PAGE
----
As we grind toward a summer of pandemic uncertainty and discord, we cannot help but want the creature comforts of the season. And because the landscape of the American imagination is littered with brands, many of our material, emotional cravings have an explicitly corporate dimension. So it is with Mountain Dew Baja Blast, a lime-tropical PepsiCo soda flavor that debuted in 2004, exclusively in Taco Bell restaurants.
While Mountain Dew and some of its other variants, like Code Red, have long been associated with gamer culture — fuel for playing Xbox till your eyes crust over — Baja Blast is more like the People’s Dew. Yet it’s also a special occasion treat: Until 2014, it never even saw limited release in stores. Supposedly formulated to complement the fare at Taco Bell, its cool refreshment is forever tied to the memory of after-school feasts with your childhood friends (and the 2 a.m. stoner equivalent with your college buddies) in the comforting glow of a greasy fast-food franchise. Even the aquamarine hue is a vacation for your senses. Baja Blast teleports you into a crystal ocean of the sublime.
Why now, with the country falling apart, would we thirst anew for the most elite form of Mountain Dew? It could be that we worship its regenerative essence; home-brewed coffee isn’t hitting anymore, and shocking one’s brain into a period of clarity is difficult. There’s the yearning to congregate in casual spaces once more — yes, you can still get a Baja Blast at the drive-thru, but there’s greater guilt around low-wage restaurant workers during a massive public health crisis, and there’s no substitute for filling the cup from the soda fountain yourself.
Most of all, it must be the precise chemistry of beverage (a close DIY approximation is 8 ounces of Mountain Dew plus 3 ounces of Powerade Berry Blast) that seems appropriately miraculous. Forget about splitting the atom and putting men on the moon: If we came up with this drink, we can master any challenge.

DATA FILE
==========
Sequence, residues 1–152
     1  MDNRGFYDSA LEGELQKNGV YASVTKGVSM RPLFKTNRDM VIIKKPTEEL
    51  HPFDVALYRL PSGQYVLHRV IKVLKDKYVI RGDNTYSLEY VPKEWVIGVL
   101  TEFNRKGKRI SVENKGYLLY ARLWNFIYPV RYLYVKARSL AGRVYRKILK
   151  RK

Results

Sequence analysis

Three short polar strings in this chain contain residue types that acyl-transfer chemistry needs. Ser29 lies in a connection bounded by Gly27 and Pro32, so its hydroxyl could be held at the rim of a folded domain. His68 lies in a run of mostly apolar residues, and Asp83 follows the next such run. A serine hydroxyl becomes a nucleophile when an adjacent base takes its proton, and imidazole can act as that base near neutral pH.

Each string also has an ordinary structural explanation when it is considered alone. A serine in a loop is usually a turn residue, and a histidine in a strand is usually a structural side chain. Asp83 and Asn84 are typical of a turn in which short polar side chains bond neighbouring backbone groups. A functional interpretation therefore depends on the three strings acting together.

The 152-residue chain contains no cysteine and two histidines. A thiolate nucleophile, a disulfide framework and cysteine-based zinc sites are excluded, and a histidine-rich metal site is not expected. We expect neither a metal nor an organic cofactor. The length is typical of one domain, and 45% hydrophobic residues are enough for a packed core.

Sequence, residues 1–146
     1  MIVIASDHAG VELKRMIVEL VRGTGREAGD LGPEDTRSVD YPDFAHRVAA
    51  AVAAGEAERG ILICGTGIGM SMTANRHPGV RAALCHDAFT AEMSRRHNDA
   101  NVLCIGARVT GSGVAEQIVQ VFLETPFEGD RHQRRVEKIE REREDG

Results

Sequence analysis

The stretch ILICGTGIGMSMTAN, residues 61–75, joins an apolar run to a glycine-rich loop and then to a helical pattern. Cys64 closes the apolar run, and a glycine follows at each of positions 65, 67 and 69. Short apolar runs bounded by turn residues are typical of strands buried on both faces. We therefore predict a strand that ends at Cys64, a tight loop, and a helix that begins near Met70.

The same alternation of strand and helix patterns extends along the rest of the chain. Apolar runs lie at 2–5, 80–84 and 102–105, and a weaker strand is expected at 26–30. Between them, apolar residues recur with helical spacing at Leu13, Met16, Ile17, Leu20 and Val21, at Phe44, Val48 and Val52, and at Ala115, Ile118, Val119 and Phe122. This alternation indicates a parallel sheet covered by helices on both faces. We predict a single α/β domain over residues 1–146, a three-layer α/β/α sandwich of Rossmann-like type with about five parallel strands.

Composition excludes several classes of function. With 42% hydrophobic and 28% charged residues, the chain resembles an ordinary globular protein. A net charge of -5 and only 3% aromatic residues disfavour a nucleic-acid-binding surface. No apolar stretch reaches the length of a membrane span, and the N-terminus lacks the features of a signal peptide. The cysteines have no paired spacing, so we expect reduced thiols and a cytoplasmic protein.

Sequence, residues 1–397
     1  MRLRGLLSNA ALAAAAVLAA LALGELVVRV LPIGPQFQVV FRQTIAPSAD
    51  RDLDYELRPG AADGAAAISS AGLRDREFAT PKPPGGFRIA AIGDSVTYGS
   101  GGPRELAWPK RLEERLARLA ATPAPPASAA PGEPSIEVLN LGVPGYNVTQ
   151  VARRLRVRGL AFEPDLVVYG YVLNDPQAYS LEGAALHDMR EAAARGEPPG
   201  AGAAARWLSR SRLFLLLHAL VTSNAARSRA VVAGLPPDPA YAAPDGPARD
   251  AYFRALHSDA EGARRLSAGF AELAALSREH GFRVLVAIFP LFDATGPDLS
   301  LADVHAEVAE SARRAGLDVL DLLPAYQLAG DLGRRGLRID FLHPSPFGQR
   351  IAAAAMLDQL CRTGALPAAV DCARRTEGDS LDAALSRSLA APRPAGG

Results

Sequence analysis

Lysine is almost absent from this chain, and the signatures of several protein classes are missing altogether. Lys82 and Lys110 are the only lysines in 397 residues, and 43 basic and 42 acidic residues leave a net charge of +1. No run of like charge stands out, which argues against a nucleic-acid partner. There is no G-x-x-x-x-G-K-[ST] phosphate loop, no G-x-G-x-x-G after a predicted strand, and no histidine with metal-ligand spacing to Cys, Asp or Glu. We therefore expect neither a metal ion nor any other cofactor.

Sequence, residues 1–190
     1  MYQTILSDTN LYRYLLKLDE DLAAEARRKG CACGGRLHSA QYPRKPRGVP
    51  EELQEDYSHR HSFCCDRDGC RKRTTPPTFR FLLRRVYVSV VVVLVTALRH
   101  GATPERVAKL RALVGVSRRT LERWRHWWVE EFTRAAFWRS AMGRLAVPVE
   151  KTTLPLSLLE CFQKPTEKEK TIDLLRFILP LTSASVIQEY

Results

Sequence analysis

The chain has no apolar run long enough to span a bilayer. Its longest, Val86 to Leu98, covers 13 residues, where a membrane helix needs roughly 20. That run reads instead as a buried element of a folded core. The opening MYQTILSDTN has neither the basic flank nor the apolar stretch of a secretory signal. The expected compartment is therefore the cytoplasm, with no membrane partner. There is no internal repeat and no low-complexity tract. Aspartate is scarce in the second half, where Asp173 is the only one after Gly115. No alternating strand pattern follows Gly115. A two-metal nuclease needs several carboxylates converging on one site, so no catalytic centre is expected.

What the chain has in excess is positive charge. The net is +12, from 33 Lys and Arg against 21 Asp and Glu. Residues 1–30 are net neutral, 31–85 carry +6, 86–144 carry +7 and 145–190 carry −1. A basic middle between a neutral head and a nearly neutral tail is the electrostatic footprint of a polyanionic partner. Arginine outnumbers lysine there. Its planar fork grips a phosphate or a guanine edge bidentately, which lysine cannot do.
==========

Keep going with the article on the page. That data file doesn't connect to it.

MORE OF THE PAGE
We’d be lying to ourselves, however, if we did not admit that an appetite for intensity is part of the Baja Blast fandom. Once you get past the Mexican element of the name, it is a blast that greets you — a geyser, a wave or a hurricane of colorful, carbonated, high-fructose lifeblood. It’s possible that we feel pushed to extremes by the times we live in, and only a Baja Blast will capture that mood. Whether it whets our revolutionary zeal or placates us with milder forms of rebellion remains to be seen. And maybe that’s the point: One never knows for whom the Baja blasts… until it finally blasts for thee.
Be wary then, for the Baja Blast, like any great human innovation, is a double-edged sword, only to be wielded by consummate students of the Dew, lest it escape the unsure grip of a mere dilettante. The streets would run teal with wasted soda, a sticky shadow clinging to every surface. Pepsi always knew to limit our access to this potent elixir, which threatens to overwhelm the mind with chemical ecstasy. The growing demand for some kind of Baja Blastissance means we no longer accept that check on consumption. We’re ready to drink it from a hose. We will become as blue-tinted gods.
Or we will die satisfied.